# Roel asked if there was a post detailing how I set up the posting form. There is now...

Firstly, I've slimmed down the form a bit further by adding placeholder values rather than labels and adjusting the spacing. It now takes up less room at the top of the page. I've also added a toggle to show/hide the form with a quick bit of JavaScript and CSS.

Post Form

So, how does it work?

It's all relatively straightforward.

As mentioned yesterday, the elements are contained within if (current_user_can('edit_posts')) checks. The original form page had everything permanently visible but required a "key" to be entered so that only I could post. With this now being at the top of the home page (unless your default is the Today view) I obviously don't want it visible all the time. Hiding it with the current user check also means I can do away with the key.

The form is just regular HTML with its method set to "post" and no action so that it redirects back to the same page on submit. Inspired by micro.blog, the Title field is only shown if I change the post format to 'Post' rather than 'Status'.

Once submitted and after a quick sanity check I pull the required form values from the standard PHP $_POST variable and set up my core details:

$title = stripslashes($_POST['title']);
$body = stripslashes($_POST['body']);
$status = $_POST['status'];
$format = $_POST['format'];
$author_id = '346';
$comment_status = 'open';
$ping_status = 'open';
$post_date = gmdate("Y-m-d H:i");

If I am sending a "Like" webmention I enter the URL and the required text is added to the post as per my "Likes and Replies plugin" so I won't go in to those details here. Suffice it to say that this uses a custom field on posting.

With all the information in place I construct an array of 'post data'

$post_data = array(
  'post_type'      => 'post',
  'post_title'     => $title,
  'post_content'   => $body,
  'post_status'    => $status,
  'tax_input'      => array('post_format' => $format),
  'post_author'    => $author_id,
  'comment_status' => $comment_status,
  'ping_status'    => $ping_status,
  'post_date_gmt'  => $post_date,

and then use this at the parameter to insert a new post

$postID = wp_insert_post($post_data);

If the post is a draft I then redirect to the post preview, otherwise I just stay on the Daily page which will then have the shiny new post.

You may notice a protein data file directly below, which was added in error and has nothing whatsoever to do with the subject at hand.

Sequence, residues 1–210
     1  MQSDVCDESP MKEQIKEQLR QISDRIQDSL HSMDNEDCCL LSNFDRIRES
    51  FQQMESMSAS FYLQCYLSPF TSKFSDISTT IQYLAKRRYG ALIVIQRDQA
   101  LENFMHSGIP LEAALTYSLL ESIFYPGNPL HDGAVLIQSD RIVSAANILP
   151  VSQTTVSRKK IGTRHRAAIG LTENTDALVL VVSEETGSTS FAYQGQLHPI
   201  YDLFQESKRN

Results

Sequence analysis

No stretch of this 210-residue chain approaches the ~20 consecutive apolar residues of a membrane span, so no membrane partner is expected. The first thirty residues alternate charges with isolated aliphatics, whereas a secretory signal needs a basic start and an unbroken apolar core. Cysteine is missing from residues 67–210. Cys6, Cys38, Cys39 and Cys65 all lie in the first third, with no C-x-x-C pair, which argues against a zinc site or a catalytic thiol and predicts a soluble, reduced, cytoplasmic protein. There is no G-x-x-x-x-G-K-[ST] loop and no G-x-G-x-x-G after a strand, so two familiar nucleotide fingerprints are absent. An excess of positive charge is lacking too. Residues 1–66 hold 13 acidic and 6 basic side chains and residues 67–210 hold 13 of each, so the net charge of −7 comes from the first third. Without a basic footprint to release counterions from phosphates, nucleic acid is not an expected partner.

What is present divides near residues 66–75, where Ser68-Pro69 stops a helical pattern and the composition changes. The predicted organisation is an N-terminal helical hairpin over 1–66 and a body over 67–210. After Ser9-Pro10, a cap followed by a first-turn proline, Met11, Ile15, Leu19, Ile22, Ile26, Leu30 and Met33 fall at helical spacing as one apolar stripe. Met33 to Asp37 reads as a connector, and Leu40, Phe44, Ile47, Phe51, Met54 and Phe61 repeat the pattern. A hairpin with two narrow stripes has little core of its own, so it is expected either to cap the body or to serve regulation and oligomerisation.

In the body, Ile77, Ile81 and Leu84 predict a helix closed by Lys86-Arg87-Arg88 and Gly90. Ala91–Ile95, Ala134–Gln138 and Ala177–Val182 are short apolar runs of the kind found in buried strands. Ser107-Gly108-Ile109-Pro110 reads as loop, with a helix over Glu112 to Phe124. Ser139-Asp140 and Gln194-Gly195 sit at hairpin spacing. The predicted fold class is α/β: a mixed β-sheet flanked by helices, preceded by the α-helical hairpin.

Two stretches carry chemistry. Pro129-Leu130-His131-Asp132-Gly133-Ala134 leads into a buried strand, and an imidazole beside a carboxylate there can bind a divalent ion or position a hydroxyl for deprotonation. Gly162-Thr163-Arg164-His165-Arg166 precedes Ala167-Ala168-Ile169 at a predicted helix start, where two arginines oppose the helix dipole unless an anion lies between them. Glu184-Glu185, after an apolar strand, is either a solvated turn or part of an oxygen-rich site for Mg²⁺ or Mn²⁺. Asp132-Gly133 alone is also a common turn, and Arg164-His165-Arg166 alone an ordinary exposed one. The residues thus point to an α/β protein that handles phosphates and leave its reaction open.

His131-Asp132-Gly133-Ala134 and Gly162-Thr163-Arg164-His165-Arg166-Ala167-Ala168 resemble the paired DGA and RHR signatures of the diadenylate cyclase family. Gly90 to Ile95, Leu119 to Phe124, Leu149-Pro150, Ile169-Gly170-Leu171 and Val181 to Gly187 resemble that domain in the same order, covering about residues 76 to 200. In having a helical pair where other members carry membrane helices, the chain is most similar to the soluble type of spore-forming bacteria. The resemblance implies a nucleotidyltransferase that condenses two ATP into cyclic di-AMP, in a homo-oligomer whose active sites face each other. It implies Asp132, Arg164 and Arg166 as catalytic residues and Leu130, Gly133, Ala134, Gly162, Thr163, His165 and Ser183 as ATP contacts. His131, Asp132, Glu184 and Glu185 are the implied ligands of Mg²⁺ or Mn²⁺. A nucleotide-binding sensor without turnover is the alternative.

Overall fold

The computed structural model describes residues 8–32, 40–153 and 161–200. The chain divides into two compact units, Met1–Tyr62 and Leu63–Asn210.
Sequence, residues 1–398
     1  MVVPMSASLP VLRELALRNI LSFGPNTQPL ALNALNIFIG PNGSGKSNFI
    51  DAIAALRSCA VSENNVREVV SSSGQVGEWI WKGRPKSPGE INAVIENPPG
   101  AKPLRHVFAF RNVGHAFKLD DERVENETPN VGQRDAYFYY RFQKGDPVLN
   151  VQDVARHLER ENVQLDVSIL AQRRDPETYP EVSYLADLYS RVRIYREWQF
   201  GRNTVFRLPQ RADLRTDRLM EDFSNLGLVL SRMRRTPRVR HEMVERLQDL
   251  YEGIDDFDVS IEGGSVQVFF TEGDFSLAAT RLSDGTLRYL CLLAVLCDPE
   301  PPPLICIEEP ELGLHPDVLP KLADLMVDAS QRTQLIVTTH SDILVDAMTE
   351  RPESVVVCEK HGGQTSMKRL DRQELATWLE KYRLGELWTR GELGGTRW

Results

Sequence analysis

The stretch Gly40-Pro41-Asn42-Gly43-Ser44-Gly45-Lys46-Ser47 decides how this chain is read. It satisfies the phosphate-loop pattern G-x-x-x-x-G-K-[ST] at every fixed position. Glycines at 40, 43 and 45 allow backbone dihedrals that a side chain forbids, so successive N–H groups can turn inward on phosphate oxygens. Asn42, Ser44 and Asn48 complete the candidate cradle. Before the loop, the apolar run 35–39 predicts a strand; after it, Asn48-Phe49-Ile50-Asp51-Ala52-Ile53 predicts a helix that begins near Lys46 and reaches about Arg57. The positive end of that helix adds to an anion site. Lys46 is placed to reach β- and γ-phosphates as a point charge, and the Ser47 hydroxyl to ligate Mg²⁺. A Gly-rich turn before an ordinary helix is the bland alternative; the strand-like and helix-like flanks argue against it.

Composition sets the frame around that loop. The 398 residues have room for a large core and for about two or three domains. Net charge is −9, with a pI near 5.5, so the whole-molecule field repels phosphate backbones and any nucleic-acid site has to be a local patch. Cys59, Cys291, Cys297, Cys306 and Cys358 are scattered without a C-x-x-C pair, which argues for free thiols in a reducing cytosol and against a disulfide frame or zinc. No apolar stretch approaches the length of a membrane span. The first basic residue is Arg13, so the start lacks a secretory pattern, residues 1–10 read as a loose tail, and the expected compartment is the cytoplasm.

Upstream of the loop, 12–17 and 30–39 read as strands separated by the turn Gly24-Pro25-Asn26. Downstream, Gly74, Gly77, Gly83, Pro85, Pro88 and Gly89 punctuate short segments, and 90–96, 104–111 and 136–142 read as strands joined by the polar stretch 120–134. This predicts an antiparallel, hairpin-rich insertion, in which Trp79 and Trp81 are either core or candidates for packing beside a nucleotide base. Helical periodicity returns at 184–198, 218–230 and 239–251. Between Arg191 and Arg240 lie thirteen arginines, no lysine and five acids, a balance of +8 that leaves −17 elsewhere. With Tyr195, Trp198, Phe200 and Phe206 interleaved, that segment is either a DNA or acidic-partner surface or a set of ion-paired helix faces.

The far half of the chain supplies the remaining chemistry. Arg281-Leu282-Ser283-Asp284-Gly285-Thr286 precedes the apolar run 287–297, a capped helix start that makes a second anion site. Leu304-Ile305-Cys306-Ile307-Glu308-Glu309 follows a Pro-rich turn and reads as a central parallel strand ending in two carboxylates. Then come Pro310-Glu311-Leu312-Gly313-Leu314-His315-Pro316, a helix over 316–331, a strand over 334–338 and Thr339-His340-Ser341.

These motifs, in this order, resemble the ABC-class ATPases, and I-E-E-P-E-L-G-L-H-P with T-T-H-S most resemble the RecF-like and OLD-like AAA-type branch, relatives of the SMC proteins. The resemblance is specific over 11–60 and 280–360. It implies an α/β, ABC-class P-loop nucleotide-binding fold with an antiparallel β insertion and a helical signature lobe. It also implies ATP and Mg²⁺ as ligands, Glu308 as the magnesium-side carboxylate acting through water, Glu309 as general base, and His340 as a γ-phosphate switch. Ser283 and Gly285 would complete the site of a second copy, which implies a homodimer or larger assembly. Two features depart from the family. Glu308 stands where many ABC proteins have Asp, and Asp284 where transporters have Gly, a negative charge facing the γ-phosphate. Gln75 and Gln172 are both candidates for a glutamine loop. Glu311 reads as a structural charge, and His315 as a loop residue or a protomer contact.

And that's it - there's not much to it and it's simpler than with the standalone page.

If I did decide to go the AJAX route things would get considerably more complex but I don't think I really need to. Besides, I've not done anything of that ilk for what seems like an eternity.

1 comment: click to readComments

# Maybe I've been messing around with the post form in some kind of forlorn hope that it will make me post more; if it's easier to post I should do so more often, right?

But easy doesn't mean worthy. Often quite the opposite.

It's just like my proclivity for installing different writing apps in the hope that I'll find the perfect workflow and all my problems will be solved. Yeah, right! It's just another form of procrastination, fiddling around the edges rather than getting on with what's needed.

Perhaps it will help, perhaps every time I load the blog the presence of the form will remind me to put down some words, whether they be here or elsewhere, but it alone cannot fix things.

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# One final update, which is only for my benefit when posting, is that it will now (hopefully) jump to the new post when published straight away rather than it being a draft.

Update: it works, albeit after a slight modification.

Update 2: no it doesn't. Back to the drawing board.

# I persist in using ALT+F, S to save on Windows but CMD+S on MacOS. I know CTRL+S is quicker so wonder why this is. Perhaps it's because ALT on a Windows keyboard is in the same location as CMD on a Mac.

# How has the "accesskey" HTML attribute managed to evade me for so long? ALT+T (or CTRL+ALT+T on Mac) now toggles the form display.

Colin Walker Colin Walker colin@colinwalker.blog